las, PolagonluB and Palladlus ia the
fourth century,
The first horse trainer is mentimimi
by Xeiiophou.
Horseshoes, wdiite known uboul !fl0
B. <'., did not come into general um
untiluntll about BOO A. i>.
The lirsl lnw suit over a home is men
tinned iu Arislophnnc's comedy, "Tlm
Clouds," about ;i.sn B. c Trainer's
bills euler into the evidence.
Tin' lirsl famous horse breaker wan
Alexander tin* Great, who .onquored
Bucephalus.
The first spurs were usod nbout 100
B. C,
Virgil mentions a horse with a white
forefoot and a forehead with n whit*
paid,.
[torsos were  raised   b>   IQngland ba
fore the  lioiiuiii lumpiest.
|   The first horso racing in England win
[held   about   -'-'I.   A.   I',   al    Nclln-rbv   in
Yorkshire.
The Arabs first bognn to breed hcirm-n
after 200 A. I>. and made lillle progroil
until after t!00 A. D,
I    ClrcUB   tri.k   ruling  came   into  popu
laritv nboul Had A.  I>.
SUnups were first used ubuut 1100
A.  I>.
The first regular horse miction was
Uu* Friday sales at Sin ith field, outside
London, iii Ihe reign of Henry II.
The lirst master of fox lioundl was
Simon de Moutforf about 1250 A. D.
Heredity of white markings is first
mentioned in the case nf the bay
charger owned by King Edward I. ubuut
1300 A. I>.. thnt had a white stocking
on its left hind leg, as had also Its sirn
and graadsire.
The first books on horses were lht«
manuscripts of  Gyltord   aud  Twevety
thrice.     This   exercise   will   strengthen ,   . ,,■„,.    u
the neck-bone, harden  vour head, ami a £?   V ■     . •
the brain in good order.    Aft.-■    The lirsl tra,m"1 hor*
keep
this you should hoist thc lid nnd go out
on the roof and lake deep breathing ex- .
eri-ises. I>o the high comeliop. Walk i
oit the roof as though you were walk-1
ing through the air, hut take good care
that you fall flat to thc ground on your
stomach. Thi_ will strengthen your
wind, develop your breast, also make
you see stars. Then you should walk '
in and get ready for breakfast, and put
up a notorious growl nbout the victuals
ami all that's on tho table. This exercise will prepare you for the difficult
ups and downs of this world. All of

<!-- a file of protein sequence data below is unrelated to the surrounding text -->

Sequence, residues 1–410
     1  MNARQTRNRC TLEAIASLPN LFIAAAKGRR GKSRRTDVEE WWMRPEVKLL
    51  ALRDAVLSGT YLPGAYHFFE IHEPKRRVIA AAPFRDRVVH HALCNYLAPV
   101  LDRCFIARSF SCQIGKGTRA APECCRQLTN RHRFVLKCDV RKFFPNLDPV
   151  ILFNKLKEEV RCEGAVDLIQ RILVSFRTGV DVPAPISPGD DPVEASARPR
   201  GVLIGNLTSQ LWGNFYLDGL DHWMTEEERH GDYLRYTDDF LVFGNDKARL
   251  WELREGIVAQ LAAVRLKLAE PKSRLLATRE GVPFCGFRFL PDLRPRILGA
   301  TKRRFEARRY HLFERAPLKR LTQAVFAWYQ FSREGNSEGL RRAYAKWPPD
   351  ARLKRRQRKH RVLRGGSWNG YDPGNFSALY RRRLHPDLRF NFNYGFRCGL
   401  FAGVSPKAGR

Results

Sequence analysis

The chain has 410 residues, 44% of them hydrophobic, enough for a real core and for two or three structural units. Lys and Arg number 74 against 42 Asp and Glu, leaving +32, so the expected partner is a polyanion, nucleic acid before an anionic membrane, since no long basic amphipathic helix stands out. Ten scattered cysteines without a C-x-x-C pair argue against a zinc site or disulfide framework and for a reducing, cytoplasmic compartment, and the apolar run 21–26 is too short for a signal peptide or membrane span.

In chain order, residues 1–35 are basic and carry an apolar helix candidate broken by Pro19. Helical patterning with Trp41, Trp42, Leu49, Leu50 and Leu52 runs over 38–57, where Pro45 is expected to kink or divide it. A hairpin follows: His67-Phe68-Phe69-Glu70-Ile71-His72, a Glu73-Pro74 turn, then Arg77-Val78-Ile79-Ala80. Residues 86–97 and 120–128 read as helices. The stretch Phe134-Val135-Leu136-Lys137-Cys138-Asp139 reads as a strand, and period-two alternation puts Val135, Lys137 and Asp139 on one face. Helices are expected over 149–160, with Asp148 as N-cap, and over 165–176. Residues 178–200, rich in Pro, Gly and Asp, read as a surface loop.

these exercises should be uinlergone not
less than once a day fur n week, and If
you are alive when your week is up,
you will be a healthy and able-bodied
nd know something moro
peoplo   ami   (heir   ways.
limit those 1 hung up my hul and coat nnd sat down
They were j to the Impersonal figures like nn aulo-
tho key to Ibe eunlractor'H problem moton. There was nothing of me In
uni it wuuld pay a man tu know how the work; thore couldn't be, I low petto handle ihem. As I watched the' ty |i seemed now! I suppose the e.un-
hoss over us that day it did not BOOmlpany, us an Industrial enterprise, was
tu me that lu* understood very well. | In lh.* line uf development, bul lhat
PTom um* io tlve the work became idea never penetrated as fur as the
an Increasing strain. Even with my clerical department. We didn't feel it
athlOtlc training I wasn't used In such any more than Ilu* adding machines
a prolonged test of one sot of muscles, i do
My legs became heavy, my buck ached.
and my shoulders finally refused to
Obey mo OXCept under the. Sheer command or my will, 1 knew, however,
that time would remedy this. I might
be sore and lame for u day or two,
but 1 bad twice (he natural strength
Of these short, close-knit foreigners.
Tim excitement ami novelty of the employment helped me Ibrough (hose
lirst few days. 1 fell the Joy nf the
pioneer -fell the BWOOl Rcnuo nf delving In the mother earth, tt touched
I In me some responsive chord that
many; harked hack to my ancestors who
slml-] broke the rocky soil nf New England,
'if the  lire uf my fellows  bustling by
on tiie earth-crust overhead—those fellows of whom so lately I had been one
—I was not al all conscious, I might
have been ut work on smne new planet
fur nil Ihey touched my new life. I
could see Ihem peering over Ihe wood-
'-n rail around uur excavation aa they
topped to stare down nt un, but I did
not   connect   thom  with   myself,    And
Ruth hml a good breakfast for mc
and when I came Into Ibe kitchen she
wuh trying to brush tbc dried clay
off my overalls.
"Good Heavens I" 1 snld, "don't waste
your strength doing that."
She looked up from her task with
a  smile.
"I'm not going tn let you get slack
down here," she Bftld.
"But those things will look Jusi iih
bnd again five minutes after I've gone
down tho ladder."
"Hut 1 don't Intend Ihey shall look